Ironically, communist and primitive systems can sometimes get things done more efficiently than our 'democratic' dual-squeeze of land title and permit hurdles.

No wonder China and Africa are advancing with relative speed in wireless - - they don't have to step over so many zoning people who are protecting the "view scape".

As a former planner myself, I can attest that planning uses tools of the past to prevent the present from ever reaching the future.

If we want our phones to work, then we should stop hating the cell tower.
Mitch Wagner
50%
50%
Mitch Wagner,
User Rank: Lightning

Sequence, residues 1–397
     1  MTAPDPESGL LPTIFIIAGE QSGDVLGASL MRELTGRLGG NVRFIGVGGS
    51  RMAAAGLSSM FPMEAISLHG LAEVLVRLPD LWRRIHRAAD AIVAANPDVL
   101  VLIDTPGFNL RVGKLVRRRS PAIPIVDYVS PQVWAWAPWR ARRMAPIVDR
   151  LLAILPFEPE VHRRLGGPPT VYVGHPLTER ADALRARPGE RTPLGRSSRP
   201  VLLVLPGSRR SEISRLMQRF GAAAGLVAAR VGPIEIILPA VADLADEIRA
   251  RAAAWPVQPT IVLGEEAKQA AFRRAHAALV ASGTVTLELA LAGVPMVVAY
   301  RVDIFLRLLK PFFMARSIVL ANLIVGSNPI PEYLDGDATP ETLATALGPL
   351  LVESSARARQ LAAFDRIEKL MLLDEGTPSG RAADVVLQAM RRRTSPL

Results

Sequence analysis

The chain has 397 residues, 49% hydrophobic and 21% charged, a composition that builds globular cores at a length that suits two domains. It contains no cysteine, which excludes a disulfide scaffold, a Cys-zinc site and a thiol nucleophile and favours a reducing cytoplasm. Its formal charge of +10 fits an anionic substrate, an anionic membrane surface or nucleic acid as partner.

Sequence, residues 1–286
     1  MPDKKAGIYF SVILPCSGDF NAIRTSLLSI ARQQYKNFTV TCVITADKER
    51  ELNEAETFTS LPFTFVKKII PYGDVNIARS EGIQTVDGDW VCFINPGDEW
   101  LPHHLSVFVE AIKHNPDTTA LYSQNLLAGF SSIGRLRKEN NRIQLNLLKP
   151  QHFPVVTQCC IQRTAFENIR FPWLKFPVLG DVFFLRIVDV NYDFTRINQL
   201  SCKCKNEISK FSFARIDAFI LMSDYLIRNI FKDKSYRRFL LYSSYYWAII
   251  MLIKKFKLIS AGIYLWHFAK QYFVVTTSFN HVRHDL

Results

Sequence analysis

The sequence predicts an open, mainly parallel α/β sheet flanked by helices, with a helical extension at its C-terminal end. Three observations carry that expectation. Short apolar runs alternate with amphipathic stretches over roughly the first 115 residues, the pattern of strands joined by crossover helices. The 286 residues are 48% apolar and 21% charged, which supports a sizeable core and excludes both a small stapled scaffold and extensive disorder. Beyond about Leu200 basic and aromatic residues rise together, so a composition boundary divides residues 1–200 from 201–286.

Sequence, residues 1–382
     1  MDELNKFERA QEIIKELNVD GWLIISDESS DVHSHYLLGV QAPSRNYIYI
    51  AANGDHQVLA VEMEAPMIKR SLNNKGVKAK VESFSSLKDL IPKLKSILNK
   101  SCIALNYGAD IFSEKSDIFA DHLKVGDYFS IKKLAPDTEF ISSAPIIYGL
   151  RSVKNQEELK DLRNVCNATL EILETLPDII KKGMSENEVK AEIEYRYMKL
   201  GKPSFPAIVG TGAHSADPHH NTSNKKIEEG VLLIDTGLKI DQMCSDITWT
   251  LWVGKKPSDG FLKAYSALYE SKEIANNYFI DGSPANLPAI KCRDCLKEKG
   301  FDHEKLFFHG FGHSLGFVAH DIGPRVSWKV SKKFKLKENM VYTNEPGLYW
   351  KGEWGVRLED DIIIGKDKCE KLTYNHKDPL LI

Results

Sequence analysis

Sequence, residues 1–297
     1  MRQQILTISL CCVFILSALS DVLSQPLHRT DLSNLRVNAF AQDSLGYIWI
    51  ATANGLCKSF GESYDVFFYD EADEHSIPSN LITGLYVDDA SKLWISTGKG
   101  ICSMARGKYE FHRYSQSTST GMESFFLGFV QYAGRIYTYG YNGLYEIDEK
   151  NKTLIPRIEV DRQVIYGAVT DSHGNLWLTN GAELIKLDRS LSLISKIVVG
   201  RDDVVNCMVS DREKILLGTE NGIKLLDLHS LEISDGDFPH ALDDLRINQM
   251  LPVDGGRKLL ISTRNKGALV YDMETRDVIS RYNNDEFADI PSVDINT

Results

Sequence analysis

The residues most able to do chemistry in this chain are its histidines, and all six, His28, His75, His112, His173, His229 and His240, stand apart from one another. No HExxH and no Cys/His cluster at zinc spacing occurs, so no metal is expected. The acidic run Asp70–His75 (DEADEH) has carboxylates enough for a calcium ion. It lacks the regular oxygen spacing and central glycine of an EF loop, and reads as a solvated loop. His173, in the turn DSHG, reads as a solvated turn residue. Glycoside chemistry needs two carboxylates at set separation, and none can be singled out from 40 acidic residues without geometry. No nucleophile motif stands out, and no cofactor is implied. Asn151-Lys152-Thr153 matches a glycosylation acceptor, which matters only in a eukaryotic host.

3/10/2014 | 9:19:09 PM
Re: Thanki's "Playing by the Rules"
Here's something I learned recently: Today's system of licensing developed during a humanitarian crisis. Legislators were reacting to the perception that unlicensed amateurs were swamping the signals from the US Navy and other authorized providers who were attempting to send assistance to the victims of that disaster.

The disaster was the sinking of the Titanic. Yes, the current regime is THAT OLD.

And even then the licensing system was unnecessary. The problem wasn't unlicensed amateurs -- the problem with the Titanic was that the ship radio operator was a fool.
Richard Thanki
50%
50%
Richard Thanki,
User Rank: Light Beer
3/10/2014 | 8:02:25 AM
Re: Thanki's "Playing by the Rules"
It's interesting that in land, as in many other resources/infrastructures rule-based operation (zoning laws) co-exists with a system of titles and licences (land ownership)!
Richard Thanki
50%
50%
Richard Thanki,
User Rank: Light Beer
3/10/2014 | 7:59:04 AM
Re: Thanki's "Playing by the Rules"